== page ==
If children feel threatened by even very low levels of violence between their parents, they may be at increased risk for developing trauma symptoms, new research suggests.
A study by psychologists at Southern Methodist University in Dallas found that children who witness violence between their mother and her intimate partner report fewer trauma symptoms if they don't perceive the violence as threatening.
The research highlights the importance of assessing how threatened a child feels when his or her parents are violent toward one another, and how that sense of threat may be linked to symptoms of trauma.
"Our results indicated a relation between children's perception of threat and their trauma symptoms in a community sample reporting relatively low levels of violence," said Deborah Corbitt-Shindler, a doctoral candidate in the psychology department at SMU. "The results of the study suggest that even very low levels of violence, if interpreted as threatening by children, can influence the development of trauma symptoms in children."
The researchers presented their findings February 24 at the "National Summit on Interpersonal Violence and Abuse Across the Lifespan: Forging a Shared Agenda" in Dallas. The scientific conference was sponsored by the National Partnership to End Interpersonal Violence Across the Lifespan.
Family violence experts estimate that more than half of children exposed to intimate partner violence experience trauma symptoms, such as bad dreams, nightmares and trying to forget about the fights.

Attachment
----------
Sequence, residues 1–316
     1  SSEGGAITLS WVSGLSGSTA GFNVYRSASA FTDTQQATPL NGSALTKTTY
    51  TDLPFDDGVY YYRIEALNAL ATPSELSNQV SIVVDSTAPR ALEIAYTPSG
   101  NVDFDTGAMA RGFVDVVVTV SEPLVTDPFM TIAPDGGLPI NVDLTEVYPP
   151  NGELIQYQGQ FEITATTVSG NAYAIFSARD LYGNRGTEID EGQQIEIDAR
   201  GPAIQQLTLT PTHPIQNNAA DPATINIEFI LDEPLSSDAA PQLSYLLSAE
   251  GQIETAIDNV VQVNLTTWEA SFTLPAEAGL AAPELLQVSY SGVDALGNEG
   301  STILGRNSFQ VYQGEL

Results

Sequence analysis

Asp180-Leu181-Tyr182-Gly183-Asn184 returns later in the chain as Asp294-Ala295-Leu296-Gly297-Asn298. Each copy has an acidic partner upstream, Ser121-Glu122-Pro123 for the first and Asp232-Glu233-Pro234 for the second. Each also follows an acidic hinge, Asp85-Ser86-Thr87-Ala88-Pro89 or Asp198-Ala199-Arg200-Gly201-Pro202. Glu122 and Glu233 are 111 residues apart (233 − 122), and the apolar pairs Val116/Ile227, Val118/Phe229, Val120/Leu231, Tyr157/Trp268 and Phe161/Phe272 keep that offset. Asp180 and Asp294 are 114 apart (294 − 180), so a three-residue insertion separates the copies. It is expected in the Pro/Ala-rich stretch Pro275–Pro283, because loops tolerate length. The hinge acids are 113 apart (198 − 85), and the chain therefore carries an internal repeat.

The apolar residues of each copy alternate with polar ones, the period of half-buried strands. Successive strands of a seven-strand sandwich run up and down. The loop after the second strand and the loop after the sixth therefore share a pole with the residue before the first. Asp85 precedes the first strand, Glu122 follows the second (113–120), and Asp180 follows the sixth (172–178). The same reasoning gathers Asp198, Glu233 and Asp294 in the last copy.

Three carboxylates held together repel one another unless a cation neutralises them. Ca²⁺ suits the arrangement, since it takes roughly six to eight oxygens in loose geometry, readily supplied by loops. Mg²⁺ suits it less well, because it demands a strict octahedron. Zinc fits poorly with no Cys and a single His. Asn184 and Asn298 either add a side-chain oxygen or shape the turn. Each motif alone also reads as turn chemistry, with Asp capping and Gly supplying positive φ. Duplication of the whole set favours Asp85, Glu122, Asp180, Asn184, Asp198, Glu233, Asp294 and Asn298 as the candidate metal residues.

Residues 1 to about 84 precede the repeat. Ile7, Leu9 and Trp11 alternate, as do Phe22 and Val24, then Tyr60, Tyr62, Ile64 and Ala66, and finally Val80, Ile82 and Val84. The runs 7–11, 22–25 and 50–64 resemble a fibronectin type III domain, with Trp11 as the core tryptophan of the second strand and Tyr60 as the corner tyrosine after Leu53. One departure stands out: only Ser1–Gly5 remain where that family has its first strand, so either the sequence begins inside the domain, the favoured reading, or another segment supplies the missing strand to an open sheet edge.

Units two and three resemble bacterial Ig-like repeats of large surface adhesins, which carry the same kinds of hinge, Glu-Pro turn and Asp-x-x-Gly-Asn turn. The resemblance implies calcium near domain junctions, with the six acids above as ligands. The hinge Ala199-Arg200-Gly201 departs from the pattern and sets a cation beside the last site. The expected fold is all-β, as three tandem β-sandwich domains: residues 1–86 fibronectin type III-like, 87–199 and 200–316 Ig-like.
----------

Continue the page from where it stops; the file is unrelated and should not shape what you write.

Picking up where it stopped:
The SMU study of 532 children and their mothers looked at the link between intimate partner violence and trauma symptoms in children. The families were recruited from communities in the urban Dallas area. The National Institute of Mental Health funded the research. For more information see www.smuresearch.com.
In the study, mothers were asked to describe any violent arguments they'd had with their intimate partners, and they were asked about trauma symptoms they may have experienced because of the violence.
Similarly, the children in the study, age 7 to 10 years old, were asked to appraise how threatened they felt by the violence they witnessed, and about trauma symptoms they may have experienced because of the violence. The researchers defined "threat" as the extent to which children are concerned that: a family member might be harmed, the stability of the family is threatened, or a parent won't be able to care for them.
To assess trauma, children were asked questions such as if they've had bad dreams or nightmares about their mom's and dad's arguments or fights; if thoughts of the arguments or fights ever just pop into their mind; if they ever try to forget all about the arguments and fights; and if they ever wish they could turn off feelings that remind them of the arguments and fights.
The SMU researchers found that even when mothers reported an episode of intimate partner violence, their children reported fewer trauma symptoms when they didn't view the episode as threatening. Although a mother's emotions sometimes affect their children's emotions, in this study the mothers' trauma symptoms were unrelated to the children's traumatic responses to the violence.
Corbitt-Shindler conducted the study in conjunction with her faculty advisers — Renee McDonald, associate professor, and Ernest Jouriles, professor and chair of the SMU Psychology Department. Additional co-authors of the study were SMU clinical psychology doctoral candidates Erica Rosentraub and Laura Minze; and Rachel Walker, SMU psychology department research assistant.